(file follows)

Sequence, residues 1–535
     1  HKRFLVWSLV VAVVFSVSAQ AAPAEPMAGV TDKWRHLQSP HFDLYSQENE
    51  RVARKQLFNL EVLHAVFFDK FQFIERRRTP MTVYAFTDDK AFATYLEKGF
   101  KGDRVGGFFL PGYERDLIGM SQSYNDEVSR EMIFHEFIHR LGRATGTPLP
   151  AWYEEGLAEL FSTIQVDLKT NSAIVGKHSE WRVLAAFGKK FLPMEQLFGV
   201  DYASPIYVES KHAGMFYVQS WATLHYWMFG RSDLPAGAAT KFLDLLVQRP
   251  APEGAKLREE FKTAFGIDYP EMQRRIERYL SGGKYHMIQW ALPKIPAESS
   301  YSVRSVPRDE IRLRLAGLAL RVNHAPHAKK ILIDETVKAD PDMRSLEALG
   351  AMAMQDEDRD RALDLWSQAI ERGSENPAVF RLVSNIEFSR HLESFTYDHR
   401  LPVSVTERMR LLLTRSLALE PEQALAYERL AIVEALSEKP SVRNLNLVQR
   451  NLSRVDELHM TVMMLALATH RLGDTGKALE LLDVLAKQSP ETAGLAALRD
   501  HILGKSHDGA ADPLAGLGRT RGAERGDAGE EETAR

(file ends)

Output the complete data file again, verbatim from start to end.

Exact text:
Sequence, residues 1–535
     1  HKRFLVWSLV VAVVFSVSAQ AAPAEPMAGV TDKWRHLQSP HFDLYSQENE
    51  RVARKQLFNL EVLHAVFFDK FQFIERRRTP MTVYAFTDDK AFATYLEKGF
   101  KGDRVGGFFL PGYERDLIGM SQSYNDEVSR EMIFHEFIHR LGRATGTPLP
   151  AWYEEGLAEL FSTIQVDLKT NSAIVGKHSE WRVLAAFGKK FLPMEQLFGV
   201  DYASPIYVES KHAGMFYVQS WATLHYWMFG RSDLPAGAAT KFLDLLVQRP
   251  APEGAKLREE FKTAFGIDYP EMQRRIERYL SGGKYHMIQW ALPKIPAESS
   301  YSVRSVPRDE IRLRLAGLAL RVNHAPHAKK ILIDETVKAD PDMRSLEALG
   351  AMAMQDEDRD RALDLWSQAI ERGSENPAVF RLVSNIEFSR HLESFTYDHR
   401  LPVSVTERMR LLLTRSLALE PEQALAYERL AIVEALSEKP SVRNLNLVQR
   451  NLSRVDELHM TVMMLALATH RLGDTGKALE LLDVLAKQSP ETAGLAALRD
   501  HILGKSHDGA ADPLAGLGRT RGAERGDAGE EETAR